Spankie Jackzon Is ‘Drag Race Down Under’s Next Drag Superstar’!

After a much-discussed Season 1 of RuPaul’s Drag Race Down Under, the dolls cast for Season 2 came in fully prepared to bring it to the competition. While Spankie Jackzon might have been one of the first queens to lip sync during the season, she also found herself in the final three, with New Zealand’s Jackzon snagging the crown as ‘Down Under’s Next Drag Superstar’! I sat down with Jackzon who was still on a high from her win and we discussed at length everything from her path to Drag Race, to why not caring what people think anymore is the way she has found true freedom.


Michael Cook: You have just won Season 2 of RuPaul’s Drag Race Down Under. How do you feel right at this moment? 

Spankie Jackzon: It’s unbelievable and beyond my wildest dreams….It feels like it was my destiny. I have kind of worked my whole life towards this point and there have always been those points where you say “this is going to happen”. To be standing here and having it actually have happened, that little boy from school is just beyond proud. I am just so honored and grateful…there are no words.

MC: Your journey was truly a roller coaster of sorts, you even did the first ‘Lip Sync of Your Life’ of the season. Your journey was so layered, and like an onion, we got to unpeel the layers of Spankie as the episodes progressed. 

SJ: That’s really very kind, thank you (pauses)…sorry that makes me quite emotional. In life, we all go through our own journeys. We make mistakes and I fucked up just like any other person, I’m not perfect. I have done a lot of work on myself, when I look at my early twenties, that is the time to fuck up, make mistakes and learn from them. I agree with you, I feel like I have reached a pinnacle as a person, not just as a drag queen. I finally have come to a place where I am able to let the shit go. I don’t care what other people think. I spent my whole life as a little bit people pleaser I suppose, worried about what other people thought of me, worried about what they had to say, especially drag queens, They like to tell you that you’re useless, you’re not good enough, even through high school and stuff.


I am finally at a place where I don’t care; I’m good, I’m a great person and I just want to bring joy and laughter to the world. There is enough crap and there are enough ugly people without me being that person. I think I have finally come to a place where I am proud and happy with who I am and I am fully at peace with my previous life. In some ways, it has set me free; I am at that point where I can fly.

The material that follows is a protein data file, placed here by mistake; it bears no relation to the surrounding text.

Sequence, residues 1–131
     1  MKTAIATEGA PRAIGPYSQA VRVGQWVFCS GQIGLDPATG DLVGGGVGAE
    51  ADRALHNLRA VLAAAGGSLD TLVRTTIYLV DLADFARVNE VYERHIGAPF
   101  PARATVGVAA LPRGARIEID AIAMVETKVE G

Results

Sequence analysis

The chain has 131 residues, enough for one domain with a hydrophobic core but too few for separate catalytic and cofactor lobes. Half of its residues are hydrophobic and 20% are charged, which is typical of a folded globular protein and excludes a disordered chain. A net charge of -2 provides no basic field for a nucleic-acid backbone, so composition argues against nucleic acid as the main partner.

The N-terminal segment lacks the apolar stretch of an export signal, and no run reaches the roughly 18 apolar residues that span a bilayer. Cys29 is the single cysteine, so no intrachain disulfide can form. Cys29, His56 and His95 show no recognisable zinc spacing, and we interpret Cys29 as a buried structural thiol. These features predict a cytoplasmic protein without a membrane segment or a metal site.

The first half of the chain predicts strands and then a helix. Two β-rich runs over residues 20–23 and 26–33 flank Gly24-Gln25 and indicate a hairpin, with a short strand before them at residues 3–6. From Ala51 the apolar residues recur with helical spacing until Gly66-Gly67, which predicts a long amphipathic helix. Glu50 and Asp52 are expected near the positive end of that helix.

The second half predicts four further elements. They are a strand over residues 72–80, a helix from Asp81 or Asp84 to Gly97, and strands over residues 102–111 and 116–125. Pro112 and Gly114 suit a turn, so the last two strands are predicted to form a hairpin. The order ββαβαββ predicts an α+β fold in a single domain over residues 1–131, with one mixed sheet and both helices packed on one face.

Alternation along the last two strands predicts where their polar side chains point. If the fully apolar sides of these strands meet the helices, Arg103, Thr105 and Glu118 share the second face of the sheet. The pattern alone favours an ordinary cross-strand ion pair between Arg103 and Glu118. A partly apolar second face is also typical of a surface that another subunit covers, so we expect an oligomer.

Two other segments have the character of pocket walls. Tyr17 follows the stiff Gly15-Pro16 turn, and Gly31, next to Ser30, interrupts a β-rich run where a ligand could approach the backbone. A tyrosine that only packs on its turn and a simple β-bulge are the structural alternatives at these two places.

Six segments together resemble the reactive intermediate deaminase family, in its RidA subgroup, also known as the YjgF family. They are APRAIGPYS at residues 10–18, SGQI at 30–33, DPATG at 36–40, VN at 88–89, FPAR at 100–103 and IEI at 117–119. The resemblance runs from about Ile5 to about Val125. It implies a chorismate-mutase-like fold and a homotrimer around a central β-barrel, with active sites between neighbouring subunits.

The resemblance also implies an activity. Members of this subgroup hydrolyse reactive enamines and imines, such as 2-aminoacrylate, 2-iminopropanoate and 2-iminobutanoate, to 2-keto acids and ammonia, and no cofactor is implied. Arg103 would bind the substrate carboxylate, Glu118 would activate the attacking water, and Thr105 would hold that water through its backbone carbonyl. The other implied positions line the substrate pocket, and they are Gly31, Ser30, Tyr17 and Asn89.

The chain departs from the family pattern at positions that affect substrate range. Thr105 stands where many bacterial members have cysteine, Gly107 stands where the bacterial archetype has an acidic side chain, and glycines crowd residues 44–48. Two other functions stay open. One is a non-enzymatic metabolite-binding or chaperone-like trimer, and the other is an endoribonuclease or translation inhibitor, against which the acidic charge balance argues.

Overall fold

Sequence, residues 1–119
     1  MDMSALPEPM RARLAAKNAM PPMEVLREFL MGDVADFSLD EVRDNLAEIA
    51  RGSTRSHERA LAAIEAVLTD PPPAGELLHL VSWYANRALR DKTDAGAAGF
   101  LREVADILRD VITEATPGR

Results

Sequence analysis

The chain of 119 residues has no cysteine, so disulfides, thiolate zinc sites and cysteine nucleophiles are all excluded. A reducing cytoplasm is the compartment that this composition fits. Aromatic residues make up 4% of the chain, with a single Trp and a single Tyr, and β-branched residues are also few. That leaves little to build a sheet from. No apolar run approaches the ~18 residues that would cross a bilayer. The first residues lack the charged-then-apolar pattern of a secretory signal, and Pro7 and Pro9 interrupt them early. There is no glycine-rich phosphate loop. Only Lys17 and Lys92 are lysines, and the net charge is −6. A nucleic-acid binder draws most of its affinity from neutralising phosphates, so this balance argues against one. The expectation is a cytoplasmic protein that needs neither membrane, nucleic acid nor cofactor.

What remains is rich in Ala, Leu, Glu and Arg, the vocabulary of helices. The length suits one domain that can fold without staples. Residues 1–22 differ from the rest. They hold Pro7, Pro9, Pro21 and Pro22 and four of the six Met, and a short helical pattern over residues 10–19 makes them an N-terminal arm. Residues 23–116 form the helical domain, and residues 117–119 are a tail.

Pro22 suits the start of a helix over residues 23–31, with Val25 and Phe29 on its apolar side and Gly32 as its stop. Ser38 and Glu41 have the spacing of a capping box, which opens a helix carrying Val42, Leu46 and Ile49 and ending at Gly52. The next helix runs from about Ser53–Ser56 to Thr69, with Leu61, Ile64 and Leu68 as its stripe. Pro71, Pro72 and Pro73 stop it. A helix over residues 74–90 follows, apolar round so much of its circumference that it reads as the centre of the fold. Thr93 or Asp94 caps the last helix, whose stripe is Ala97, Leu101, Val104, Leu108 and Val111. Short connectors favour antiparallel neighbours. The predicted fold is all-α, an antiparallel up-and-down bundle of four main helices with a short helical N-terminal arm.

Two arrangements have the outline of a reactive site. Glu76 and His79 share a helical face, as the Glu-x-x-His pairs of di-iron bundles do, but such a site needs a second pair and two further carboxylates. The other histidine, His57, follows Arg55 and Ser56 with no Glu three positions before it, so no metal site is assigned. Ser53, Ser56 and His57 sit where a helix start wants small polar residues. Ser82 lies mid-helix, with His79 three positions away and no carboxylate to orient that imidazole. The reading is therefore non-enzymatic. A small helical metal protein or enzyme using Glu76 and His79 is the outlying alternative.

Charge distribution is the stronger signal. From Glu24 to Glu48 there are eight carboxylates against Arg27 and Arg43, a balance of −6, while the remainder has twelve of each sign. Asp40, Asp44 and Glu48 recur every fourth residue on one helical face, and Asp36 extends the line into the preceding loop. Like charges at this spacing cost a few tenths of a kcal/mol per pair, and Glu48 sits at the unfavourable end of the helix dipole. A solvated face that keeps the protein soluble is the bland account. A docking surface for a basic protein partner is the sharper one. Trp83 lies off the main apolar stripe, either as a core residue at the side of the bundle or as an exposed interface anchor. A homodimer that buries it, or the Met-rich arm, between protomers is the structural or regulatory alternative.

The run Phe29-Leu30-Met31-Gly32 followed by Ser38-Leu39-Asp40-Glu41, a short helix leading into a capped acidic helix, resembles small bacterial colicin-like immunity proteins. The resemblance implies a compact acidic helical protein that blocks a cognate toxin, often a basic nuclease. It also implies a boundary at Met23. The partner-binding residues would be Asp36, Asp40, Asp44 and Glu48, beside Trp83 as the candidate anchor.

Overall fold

MC: There is truly something empowering to be at the place in your life where you can truly not care what people think. 


SJ: One hundred percent. Like, I don’t care what you have to say, I didn’t ask for your opinion, but I didn’t ask for it. Thank you for telling me, but I don’t care what you think. I’m living my life, I only have one life, we all only have one life. There are so many people telling you along the way what you can and cannot do, and should and should not do, and it’s a load of crap. It’s my life and I get to choose how this turns out and live it the way that I want. It’s too bloody short and I could die tomorrow, you know? As long as I have done it the way that I want, then I have lived my life and that is all that matters to me. 

MC: So many of the girls on Drag Race Down Under were newer queens, and you were a much more seasoned queen. Did you have the perspective that they had so much to learn? 


SJ: No, not all all…I don’t know how I became like Ghandi, I really don’t (laughs). I think I am a really good people reader, I am great at it. It’s a skill, I don’t know how I got it, I think it’s from customer service to be fair. I am very in tune with other people and where they are in their journey. Look, I was twenty one as well, I’ve been there; I was her. The thing is, it becomes humbling in your journey of drag and I think that is the difference we are coming into with age groups. They are coming into it where it is post Drag Race. Their reference point of a famous drag queen is the Drag Race girls, it’s not RuPaul, Lily Savage, or Divine. Their time is different and I get that, but I come from a different time.